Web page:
The S&P 500 fell more than 19% last year as economic uncertainty rattled investors. The benchmark index has only produced a worse return in three years since its inception in 1957: It fell nearly 30% as gasoline shortages fueled double-digit inflation in 1974; it fell 23% as aftershocks from the dot-com crash rippled through the market in 2002; and it fell 38.5% amid the global financial crisis in 2008.
However, the S&P 500 soared in the year immediately following those drawdowns. In fact, the index produced an average return of 27.1% in 1975, 2003, and 2009. That makes one thing very clear: The S&P 500 could skyrocket in 2023. But even if that doesn’t happen, investors should treat the current situation as a buying opportunity. The S&P 500 is still 14% off its high, but it will recover at some point.
1. Mastercard: A giant in the payments industry
Mastercard has an ironclad position in the payments industry. It operates the third-largest card payments network on the planet in terms of purchase transactions, and it ranks first alongside Visa in terms of acceptance locations. That scale is the source of two significant competitive advantages that make Mastercard virtually impervious to smaller competitors.
First, scale begets a powerful network effect. Each new merchant makes Mastercard more valuable for every cardholder, and each new cardholder makes Mastercard more valuable for every merchant. Second, scale affords the company a significant cost advantage. Mastercard could easily afford to undercut the pricing of a smaller competitor simply because it makes more money. Taken together, those advantages position the company as a key beneficiary of the secular shift toward electronic payments.
Financially, Mastercard has delivered strong growth like clockwork over the years, and that trend continued in the fourth quarter despite the challenging economic climate. Revenue jumped 12% to $5.8 billion, and earnings rose 9% to $2.62 per diluted share. That said, Mastercard could easily accelerate growth in a more favorable economic environment.
Payment card transaction volume is expected to increase at 5.7% annually to reach $79 trillion by the end of the decade, according to Nilson Report. But Mastercard is set to grow more quickly due to momentum in other areas of its business. For instance, its payments network supports account-based transactions that address a $24 trillion opportunity in business-to-business payments. The company also provides value-added services like fraud management, analytics, and consulting.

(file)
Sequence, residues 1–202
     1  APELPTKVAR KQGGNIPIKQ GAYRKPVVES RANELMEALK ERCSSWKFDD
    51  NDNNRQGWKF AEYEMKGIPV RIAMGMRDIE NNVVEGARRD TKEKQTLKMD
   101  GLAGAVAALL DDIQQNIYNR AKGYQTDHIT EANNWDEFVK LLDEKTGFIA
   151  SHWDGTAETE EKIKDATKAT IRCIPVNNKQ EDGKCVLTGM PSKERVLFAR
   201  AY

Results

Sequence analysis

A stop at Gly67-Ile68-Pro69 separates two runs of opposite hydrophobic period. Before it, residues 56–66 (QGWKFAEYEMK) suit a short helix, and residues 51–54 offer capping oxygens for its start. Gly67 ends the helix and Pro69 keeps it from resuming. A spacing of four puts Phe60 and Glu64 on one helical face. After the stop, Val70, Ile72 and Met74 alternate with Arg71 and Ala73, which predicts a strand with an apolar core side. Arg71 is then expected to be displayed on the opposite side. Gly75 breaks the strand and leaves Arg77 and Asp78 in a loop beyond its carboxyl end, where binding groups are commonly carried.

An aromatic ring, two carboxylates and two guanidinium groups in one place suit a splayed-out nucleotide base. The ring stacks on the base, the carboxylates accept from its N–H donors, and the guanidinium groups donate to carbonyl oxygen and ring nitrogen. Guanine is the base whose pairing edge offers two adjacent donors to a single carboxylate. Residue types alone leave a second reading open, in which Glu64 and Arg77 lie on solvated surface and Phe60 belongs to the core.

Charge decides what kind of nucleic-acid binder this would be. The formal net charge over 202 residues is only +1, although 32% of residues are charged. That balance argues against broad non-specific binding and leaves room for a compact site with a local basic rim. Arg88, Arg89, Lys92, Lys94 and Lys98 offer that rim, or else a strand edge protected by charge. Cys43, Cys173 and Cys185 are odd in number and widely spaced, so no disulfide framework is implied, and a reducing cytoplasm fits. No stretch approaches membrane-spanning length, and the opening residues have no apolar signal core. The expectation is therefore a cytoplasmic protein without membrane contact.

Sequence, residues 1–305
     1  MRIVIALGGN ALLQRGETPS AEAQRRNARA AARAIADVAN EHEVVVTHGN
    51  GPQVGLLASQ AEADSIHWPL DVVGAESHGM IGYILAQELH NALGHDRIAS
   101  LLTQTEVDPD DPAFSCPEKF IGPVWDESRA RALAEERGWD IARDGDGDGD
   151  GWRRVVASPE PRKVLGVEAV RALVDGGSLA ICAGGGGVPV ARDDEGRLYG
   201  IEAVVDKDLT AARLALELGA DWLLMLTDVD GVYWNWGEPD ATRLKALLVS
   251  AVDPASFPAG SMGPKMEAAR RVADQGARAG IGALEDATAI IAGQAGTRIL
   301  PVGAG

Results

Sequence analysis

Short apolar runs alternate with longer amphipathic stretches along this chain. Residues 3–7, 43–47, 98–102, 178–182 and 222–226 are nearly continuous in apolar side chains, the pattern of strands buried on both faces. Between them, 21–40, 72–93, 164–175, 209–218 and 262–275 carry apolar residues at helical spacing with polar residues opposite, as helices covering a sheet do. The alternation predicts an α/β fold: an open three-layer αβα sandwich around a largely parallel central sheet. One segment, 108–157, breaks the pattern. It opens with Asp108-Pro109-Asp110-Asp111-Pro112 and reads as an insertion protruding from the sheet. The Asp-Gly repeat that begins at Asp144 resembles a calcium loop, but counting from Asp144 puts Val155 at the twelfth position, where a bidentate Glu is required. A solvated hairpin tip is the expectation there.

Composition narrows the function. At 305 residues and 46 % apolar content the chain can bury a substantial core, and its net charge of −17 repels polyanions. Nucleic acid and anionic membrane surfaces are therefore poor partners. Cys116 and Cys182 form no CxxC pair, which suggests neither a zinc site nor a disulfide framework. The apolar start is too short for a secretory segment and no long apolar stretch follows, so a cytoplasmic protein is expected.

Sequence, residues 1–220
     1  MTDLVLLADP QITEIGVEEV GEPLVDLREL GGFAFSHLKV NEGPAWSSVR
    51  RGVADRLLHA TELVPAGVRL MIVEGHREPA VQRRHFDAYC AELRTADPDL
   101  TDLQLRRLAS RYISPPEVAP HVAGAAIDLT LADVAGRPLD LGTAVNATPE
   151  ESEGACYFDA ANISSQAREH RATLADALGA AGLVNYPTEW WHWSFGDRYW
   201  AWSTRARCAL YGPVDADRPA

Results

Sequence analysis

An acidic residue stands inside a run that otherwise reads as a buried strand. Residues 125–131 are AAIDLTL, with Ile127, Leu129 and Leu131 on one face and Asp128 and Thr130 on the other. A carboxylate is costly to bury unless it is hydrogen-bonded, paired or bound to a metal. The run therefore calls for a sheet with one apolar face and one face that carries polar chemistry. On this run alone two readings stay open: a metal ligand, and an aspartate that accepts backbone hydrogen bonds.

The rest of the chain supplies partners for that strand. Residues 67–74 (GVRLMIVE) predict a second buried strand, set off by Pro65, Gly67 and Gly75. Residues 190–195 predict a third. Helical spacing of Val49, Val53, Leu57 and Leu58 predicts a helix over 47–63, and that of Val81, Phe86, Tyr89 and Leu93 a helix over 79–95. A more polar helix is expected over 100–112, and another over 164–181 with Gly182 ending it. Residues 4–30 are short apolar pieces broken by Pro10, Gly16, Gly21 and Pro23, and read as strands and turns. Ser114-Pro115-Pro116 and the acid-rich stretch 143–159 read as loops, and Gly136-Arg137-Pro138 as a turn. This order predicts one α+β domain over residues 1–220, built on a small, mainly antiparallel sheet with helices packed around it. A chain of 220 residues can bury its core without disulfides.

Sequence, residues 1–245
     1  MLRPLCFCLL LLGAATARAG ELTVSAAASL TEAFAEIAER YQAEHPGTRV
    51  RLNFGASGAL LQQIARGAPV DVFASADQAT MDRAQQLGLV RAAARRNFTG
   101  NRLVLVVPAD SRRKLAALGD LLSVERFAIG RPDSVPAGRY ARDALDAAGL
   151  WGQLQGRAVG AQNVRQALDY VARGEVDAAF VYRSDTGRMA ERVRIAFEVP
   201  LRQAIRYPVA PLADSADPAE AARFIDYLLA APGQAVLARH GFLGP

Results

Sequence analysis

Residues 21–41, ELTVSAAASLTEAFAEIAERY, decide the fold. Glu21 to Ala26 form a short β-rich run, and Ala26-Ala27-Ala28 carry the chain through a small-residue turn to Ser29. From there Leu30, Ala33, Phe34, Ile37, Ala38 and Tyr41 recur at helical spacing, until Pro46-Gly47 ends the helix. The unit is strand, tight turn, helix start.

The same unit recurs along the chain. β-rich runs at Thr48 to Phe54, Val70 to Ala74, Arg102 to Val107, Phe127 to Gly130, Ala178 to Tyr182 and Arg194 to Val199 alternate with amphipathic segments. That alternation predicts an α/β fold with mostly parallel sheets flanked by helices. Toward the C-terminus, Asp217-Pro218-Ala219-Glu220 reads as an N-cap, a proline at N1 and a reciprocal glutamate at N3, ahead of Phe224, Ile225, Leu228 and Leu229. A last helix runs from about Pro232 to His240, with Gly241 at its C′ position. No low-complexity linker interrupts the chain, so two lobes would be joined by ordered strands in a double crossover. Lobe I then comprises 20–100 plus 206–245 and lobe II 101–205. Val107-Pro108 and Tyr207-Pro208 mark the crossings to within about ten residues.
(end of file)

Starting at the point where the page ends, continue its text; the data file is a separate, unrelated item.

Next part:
Here’s the upshot: Mastercard has a nearly unshakable foothold in a growing industry. To that end, management expects revenue to grow in the low to mid teens through 2024, and the company is set to maintain that momentum in the following years. That makes its current price-to-sales ratio of 16.4 look quite reasonable, and it’s certainly a discount to the five-year average of 18 times sales. That’s why this stock is worth buying today.
2. Paycom Software: One of the most innovative companies in the world
Paycom specializes in human capital management (HCM) software. Its core product is payroll software, but its HCM platform also includes tools for talent acquisition, labor management, and human resources management. In a nutshell, Paycom enables businesses to manage the full employee lifecycle (i.e., hiring through retirement) from a single platform. That gives the company an edge because most organizations rely on a patchwork of point solutions from multiple vendors.
HCM software is admittedly a humdrum industry, but Paycom has still shown ingenuity in its ability to create value for customers. For instance, it launched the industry’s first self-service payroll technology in 2021. The product, nicknamed Beti (Better Employee Transaction Interface), essentially automates the payroll process by requiring employees to review and approve their paychecks prior to processing. That leads to fewer payroll errors, meaning administrators waste less time fixing problems. Thanks to Beti, Fast Company recognized Paycom as one of the world’s most innovative companies in 2022. It was the only payroll technology company to receive that honor.
Paycom reported strong financial results in the fourth quarter. Its customer count increased 8% to 36,561, and the total number of employees using its software increased 14% to 6.5 million. In turn, revenue climbed 30% to $371 million, and generally accepted accounting principles (GAAP) net income soared 64% to $1.38 per diluted share. As a caveat, Paycom could stumble in a more difficult labor market, but it could also accelerate growth in a more favorable economic environment.
Regardless, patient investors have good reason to be optimistic about the company in the long run. Paycom currently has just 5% of its addressable market, but the broad scope of its HCM platform and innovations like Beti should keep the company in growth mode for years to come. And with shares trading at 14.1 times sales, a discount to the five-year average of 19.9 times sales, this growth stock is worth buying today.
Trevor Jennewine has positions in Mastercard, Paycom Software, and Visa. The Motley Fool has positions in and recommends Mastercard, Paycom Software, and Visa. The Motley Fool recommends the following options: long January 2025 $370 calls on Mastercard and short January 2025 $380 calls on Mastercard. The Motley Fool has a disclosure policy.